Chapter 20. Study on the Mechanical Characterization and Microscopic Structure of Korean Whiteware and American Whiteware

  1. Willam M. Carty
  1. Hee-Jin Lim1,
  2. S. C. Choi1,
  3. J. Lee1,
  4. Hyung-Sup Lim2 and
  5. Yoshiro Ikeda3

Published Online: 26 MAR 2008

DOI: 10.1002/9780470294796.ch20

Whitewares and Materials: Ceramic Engineering and Science Proceedings, Volume 24, Issue 2

Whitewares and Materials: Ceramic Engineering and Science Proceedings, Volume 24, Issue 2

How to Cite

Lim, H.-J., Choi, S. C., Lee, J., Lim, H.-S. and Ikeda, Y. (2003) Study on the Mechanical Characterization and Microscopic Structure of Korean Whiteware and American Whiteware, in Whitewares and Materials: Ceramic Engineering and Science Proceedings, Volume 24, Issue 2 (ed W. M. Carty), John Wiley & Sons, Inc., Hoboken, NJ, USA. doi: 10.1002/9780470294796.ch20

Author Information

  1. 1

    Hanyang University, Seoul, South Korea

  2. 2

    Sukgyung Co. Ltd., Kyounggi Do, Korea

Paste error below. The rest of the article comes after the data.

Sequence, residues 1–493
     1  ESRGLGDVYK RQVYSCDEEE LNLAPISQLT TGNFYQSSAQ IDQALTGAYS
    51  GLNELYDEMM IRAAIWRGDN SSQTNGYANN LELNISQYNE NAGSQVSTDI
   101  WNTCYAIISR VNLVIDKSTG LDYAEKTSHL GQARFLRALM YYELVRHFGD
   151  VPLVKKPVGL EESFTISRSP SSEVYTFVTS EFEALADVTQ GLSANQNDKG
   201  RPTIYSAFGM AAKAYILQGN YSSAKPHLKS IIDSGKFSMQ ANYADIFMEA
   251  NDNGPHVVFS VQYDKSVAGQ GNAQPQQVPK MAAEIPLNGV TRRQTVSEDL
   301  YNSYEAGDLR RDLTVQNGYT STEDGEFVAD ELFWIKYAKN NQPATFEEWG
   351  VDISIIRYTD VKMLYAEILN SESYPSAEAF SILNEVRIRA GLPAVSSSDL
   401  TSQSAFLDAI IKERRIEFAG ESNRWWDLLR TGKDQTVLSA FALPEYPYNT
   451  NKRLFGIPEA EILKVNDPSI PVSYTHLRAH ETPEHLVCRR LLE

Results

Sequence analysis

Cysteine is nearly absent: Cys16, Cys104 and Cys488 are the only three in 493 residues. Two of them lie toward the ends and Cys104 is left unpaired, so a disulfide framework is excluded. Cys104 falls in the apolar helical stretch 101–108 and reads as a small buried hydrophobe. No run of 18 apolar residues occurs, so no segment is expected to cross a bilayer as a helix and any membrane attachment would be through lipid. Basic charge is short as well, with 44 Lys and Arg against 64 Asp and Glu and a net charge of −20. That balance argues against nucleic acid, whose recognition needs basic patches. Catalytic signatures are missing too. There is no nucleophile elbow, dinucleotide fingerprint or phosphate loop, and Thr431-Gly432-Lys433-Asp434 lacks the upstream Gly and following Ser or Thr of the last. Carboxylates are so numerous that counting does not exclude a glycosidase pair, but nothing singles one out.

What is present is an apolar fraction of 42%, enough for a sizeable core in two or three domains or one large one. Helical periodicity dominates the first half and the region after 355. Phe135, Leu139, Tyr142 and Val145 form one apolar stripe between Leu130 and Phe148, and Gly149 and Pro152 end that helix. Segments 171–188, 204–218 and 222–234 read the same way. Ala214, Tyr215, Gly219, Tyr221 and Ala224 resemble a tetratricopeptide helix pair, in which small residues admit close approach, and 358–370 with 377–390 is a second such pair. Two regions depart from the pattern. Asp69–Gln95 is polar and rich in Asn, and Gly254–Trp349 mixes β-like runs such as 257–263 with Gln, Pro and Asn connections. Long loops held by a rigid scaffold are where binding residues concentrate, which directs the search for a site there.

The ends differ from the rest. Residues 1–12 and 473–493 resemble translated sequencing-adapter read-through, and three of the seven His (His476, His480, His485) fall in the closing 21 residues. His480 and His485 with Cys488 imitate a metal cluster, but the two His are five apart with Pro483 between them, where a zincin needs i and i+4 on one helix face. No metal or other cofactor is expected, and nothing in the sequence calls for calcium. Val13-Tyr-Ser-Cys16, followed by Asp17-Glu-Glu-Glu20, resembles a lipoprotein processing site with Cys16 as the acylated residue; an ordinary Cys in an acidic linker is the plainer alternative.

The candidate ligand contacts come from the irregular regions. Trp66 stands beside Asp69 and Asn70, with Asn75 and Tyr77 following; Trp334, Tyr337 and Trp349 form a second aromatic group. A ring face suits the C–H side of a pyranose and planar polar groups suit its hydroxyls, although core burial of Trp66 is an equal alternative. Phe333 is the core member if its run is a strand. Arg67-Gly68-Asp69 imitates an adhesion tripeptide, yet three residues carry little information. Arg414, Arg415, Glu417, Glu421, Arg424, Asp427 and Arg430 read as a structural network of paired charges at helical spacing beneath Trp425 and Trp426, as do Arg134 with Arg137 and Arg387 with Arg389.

3. 3

    Kansas State University, Manhatten, KS

Publication History

  1. Published Online: 26 MAR 2008
  2. Published Print: 1 JAN 2003

ISBN Information

Print ISBN: 9780470375822

Online ISBN: 9780470294796

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Keywords:

  • whiteware;
  • shrinkage;
  • plasticity;
  • interfacial;
  • sintering

Summary

Studies were conducted to compare and analyze various factors which cause cracks and defects on Korean and American whiteware products. The mechanical properties and crack patterns of whitewares sintered at 1100°, 1200°, and 1300°C were examined. Whiteware bodies sintered at 1300°C had improved mechanical properties due to the sintering density and vitrification. TEM and SEM showed that a new intermediate layer was made on the interface of the layered structure and the shrinkage rate was higher on American whiteware because of coarser particle sizes. The experiment of plasticity also indicated that whiteware production was affected by the distribution of organic matters, which was higher in American whitewares. Studies on the sintered bodies were performed using XRD, EPMA, FEM and UTM in order to examine the formation of the interfacial reaction layer between body and glaze and the formation and effect of residual stress on mechanical strength. The bodies sintered at 1300°C were found to have maximum density and mechanical strength. Furthermore, we determined that the residual stress on the surface of bodies was minimum at the specific thickness of glazes and the mechanical strength was also excellent at the constant sintering temperature.